By FPA member Eric Toya, CFP®
Last Updated: December 20, 2010
The much anticipated resolution to our tax laws for 2011 and 2012 has finally been reached, with not a moment to spare. On Friday, December 17, President Obama signed into law a bill extending the Bush-era tax cuts for two more years. The details of the tax law are still forthcoming, but there are some implications that you should consider for the remaining two weeks of 2010 and for the start of 2011.
If you completed a Roth conversion in 2010, you have the option of reporting all of the conversion income on your 2010 taxes or splitting it up between 2011 and 2012. Prior to the passage of the tax bill, it was unclear whether or not the additional time to pay the taxes may be outweighed by the potentially higher tax rates in 2011 and 2012. However, we now know that your tax rates will remain the same for two more years. This means that unless you anticipate a substantial increase in your income in 2011 and 2012, you should split and defer the income from your Roth conversion to 2011 and 2012.
Additionally, barring an expected increase in income, you likely don’t need to rush to complete a Roth conversion in 2010. By waiting until January to do a Roth conversion, you will have an entire additional year to undo the conversion if there is a compelling reason to do so, such as a major market crash.
End of Year Income
If you have the option to receive income in 2010 or defer to 2011, the passage of the tax bill means that it may be preferable to defer to 2011. Previously, many were being advised to accelerate income into 2010 in anticipation of tax rates going up in 2011. Now that we know that tax rates will remain the same, deferring income from December 2010 to January 2011 gives you an extra year to pay the taxes.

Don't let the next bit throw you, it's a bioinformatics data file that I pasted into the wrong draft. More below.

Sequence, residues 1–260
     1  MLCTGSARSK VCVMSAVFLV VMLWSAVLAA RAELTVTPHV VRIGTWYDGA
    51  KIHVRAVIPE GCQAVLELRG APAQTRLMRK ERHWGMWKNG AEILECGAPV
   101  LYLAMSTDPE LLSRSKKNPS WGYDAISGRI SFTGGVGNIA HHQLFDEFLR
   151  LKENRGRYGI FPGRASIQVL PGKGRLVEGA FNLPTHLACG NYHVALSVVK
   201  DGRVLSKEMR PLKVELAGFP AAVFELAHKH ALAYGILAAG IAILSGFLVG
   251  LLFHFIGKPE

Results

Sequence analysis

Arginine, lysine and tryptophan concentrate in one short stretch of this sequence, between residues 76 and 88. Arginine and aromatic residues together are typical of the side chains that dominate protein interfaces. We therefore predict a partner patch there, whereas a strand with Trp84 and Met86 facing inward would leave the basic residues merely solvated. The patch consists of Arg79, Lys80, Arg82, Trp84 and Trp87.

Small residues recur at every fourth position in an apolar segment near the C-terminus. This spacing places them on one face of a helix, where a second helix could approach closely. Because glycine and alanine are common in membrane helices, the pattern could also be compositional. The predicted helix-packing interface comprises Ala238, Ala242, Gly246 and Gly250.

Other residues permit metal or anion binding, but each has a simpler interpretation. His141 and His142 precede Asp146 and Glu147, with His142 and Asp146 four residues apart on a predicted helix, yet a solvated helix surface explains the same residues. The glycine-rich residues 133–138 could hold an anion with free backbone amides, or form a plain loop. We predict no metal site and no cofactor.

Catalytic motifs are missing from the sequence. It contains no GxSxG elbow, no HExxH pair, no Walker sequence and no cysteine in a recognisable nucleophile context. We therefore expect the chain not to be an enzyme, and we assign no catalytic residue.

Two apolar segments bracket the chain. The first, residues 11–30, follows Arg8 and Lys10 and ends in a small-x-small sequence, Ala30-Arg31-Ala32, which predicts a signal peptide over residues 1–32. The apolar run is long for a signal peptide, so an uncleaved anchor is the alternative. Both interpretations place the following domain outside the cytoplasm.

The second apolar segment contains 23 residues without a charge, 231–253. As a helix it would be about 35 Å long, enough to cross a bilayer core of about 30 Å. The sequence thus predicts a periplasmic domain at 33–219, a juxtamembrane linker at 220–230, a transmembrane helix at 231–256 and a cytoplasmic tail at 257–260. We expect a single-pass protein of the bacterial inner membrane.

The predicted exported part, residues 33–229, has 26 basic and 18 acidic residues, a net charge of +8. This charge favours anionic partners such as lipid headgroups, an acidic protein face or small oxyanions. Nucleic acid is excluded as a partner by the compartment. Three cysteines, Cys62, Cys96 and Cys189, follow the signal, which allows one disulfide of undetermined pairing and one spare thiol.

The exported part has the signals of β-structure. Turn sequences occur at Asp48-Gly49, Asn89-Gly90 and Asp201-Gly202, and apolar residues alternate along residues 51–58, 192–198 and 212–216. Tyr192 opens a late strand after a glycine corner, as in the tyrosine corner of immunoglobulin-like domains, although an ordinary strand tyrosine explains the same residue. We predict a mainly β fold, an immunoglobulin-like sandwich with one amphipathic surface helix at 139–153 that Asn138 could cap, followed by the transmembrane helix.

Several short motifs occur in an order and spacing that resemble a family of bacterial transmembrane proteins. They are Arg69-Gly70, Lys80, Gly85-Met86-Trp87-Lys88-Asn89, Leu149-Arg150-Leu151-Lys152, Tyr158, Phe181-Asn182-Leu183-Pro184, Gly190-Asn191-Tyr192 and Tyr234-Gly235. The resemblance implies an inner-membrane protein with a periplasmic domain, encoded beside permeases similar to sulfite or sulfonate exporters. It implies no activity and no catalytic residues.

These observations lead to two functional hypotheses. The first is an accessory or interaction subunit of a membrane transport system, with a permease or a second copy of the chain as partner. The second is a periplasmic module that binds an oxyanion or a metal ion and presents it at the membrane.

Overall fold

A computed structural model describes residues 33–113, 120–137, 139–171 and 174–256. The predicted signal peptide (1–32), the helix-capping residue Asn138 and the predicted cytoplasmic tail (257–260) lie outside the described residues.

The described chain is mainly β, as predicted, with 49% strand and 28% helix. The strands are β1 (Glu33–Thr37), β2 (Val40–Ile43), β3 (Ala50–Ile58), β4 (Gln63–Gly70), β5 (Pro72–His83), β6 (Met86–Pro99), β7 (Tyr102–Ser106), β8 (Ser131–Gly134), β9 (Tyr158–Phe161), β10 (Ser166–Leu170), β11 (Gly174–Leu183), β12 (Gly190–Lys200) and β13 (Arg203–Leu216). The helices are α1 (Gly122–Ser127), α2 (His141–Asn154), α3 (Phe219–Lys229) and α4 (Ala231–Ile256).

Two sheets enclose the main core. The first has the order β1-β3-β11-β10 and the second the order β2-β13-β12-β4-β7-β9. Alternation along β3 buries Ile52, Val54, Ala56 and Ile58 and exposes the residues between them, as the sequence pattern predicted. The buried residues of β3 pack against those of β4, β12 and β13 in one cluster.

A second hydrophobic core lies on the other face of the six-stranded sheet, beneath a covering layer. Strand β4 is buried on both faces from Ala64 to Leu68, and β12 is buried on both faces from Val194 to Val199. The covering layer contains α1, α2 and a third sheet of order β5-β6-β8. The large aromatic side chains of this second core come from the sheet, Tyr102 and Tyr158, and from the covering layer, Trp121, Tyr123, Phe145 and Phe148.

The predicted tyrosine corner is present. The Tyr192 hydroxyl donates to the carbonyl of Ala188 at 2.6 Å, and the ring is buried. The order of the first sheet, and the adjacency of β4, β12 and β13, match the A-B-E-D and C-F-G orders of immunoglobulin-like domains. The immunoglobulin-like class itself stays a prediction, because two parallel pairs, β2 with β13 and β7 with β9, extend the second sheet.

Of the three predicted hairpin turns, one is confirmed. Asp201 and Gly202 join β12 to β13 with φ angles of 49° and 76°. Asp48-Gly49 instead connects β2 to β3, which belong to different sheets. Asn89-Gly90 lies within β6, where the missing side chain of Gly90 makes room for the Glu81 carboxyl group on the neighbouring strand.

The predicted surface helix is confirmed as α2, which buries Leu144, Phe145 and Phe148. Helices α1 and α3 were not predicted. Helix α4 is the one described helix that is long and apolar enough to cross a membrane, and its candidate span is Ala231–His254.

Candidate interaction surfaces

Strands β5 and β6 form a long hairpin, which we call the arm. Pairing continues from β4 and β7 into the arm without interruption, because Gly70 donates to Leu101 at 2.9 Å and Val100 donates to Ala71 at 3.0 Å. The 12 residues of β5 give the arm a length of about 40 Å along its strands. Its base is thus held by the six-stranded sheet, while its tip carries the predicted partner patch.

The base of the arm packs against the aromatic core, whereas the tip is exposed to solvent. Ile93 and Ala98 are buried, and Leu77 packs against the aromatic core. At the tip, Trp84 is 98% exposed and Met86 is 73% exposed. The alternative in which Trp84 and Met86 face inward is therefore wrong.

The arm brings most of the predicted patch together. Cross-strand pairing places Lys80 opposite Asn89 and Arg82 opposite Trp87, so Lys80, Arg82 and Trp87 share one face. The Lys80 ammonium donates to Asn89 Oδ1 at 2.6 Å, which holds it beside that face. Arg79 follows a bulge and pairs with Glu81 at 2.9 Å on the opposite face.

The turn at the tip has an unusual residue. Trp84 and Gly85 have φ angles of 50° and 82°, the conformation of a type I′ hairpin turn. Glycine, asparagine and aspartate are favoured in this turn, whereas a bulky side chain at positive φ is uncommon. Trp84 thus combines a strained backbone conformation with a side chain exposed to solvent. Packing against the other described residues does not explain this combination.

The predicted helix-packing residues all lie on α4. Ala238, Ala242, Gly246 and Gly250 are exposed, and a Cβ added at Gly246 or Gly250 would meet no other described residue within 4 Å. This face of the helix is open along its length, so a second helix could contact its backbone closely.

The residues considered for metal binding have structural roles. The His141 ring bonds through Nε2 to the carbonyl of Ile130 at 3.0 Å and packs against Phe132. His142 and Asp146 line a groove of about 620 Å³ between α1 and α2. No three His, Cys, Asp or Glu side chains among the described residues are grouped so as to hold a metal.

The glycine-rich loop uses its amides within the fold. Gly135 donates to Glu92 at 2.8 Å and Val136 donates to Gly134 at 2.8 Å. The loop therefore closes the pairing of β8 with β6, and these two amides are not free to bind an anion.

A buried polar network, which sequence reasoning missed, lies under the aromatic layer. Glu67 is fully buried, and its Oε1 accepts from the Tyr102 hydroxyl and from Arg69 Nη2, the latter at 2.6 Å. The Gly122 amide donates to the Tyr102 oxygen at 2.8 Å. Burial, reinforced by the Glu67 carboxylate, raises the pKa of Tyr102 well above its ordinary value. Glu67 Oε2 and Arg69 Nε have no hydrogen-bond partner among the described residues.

If the income that you are deferring is employment income (including self-employment income) that is subject to FICA taxes (Social Security taxes), this makes deferral to 2011 even more compelling. The employee share of FICA is reduced from 6.2 percent to 4.2 percent in 2011. This means that you get to keep an additional two percent of all income that is subject to FICA and received in 2011.
Of course, each situation is unique, and if you are anticipating an increase in income in 2011, you may still be better off accelerating income into 2010.
Realizing Capital Gains
Similar to the receipt of income, some investors were realizing capital gains in 2010, expecting long-term capital gains rates to increase in 2011. The rate has been kept the same for 2011 and 2012, including the hard to believe zero percent capital gains rate for taxpayers in the 10 percent and 15 percent income brackets. Again, it would generally make sense to defer the realizing of gains until 2011 to buy more time to pay the taxes.
Charitable Gifting from Individual Retirement Accounts (IRAs)
If you are age 70½ or older, the new law allows you to make a donation of up to $100,000 to a charity directly from your IRA. A donation can be made in lieu of your Required Minimum Distribution (RMD) for 2010. Individuals have until the end of January 2011 to make a charitable donation and have it count for your 2010 RMD. If you have already taken your RMD for 2010, and wish to take advantage of this provision, please contact your IRA custodian to determine how to return the funds and make a charitable donation directly from the IRA before the end of January.
Numerous other details in the new law may affect your present planning opportunities. In particular, there are provisions for business owners, students, and families potentially facing the Alternative Minimum Tax. Also, a significant inclusion is the reinstatement of the Estate Tax with the individual exemption amount set at $5 million. Please consult a financial planner or tax adviser to discuss your specific situation.
FPA member Eric S. Toya, CFP®, is Vice President of Wealth Management for Trovena, LLC in Redondo Beach, Calif. Eric graduated from the University of Southern California with a BS in Finance and Accounting and is a current member of the FPA Los Angeles Chapter Board of Directors. Eric has been quoted in national publications, including the Wall Street Journal, Money Magazine and the Los Angeles Times.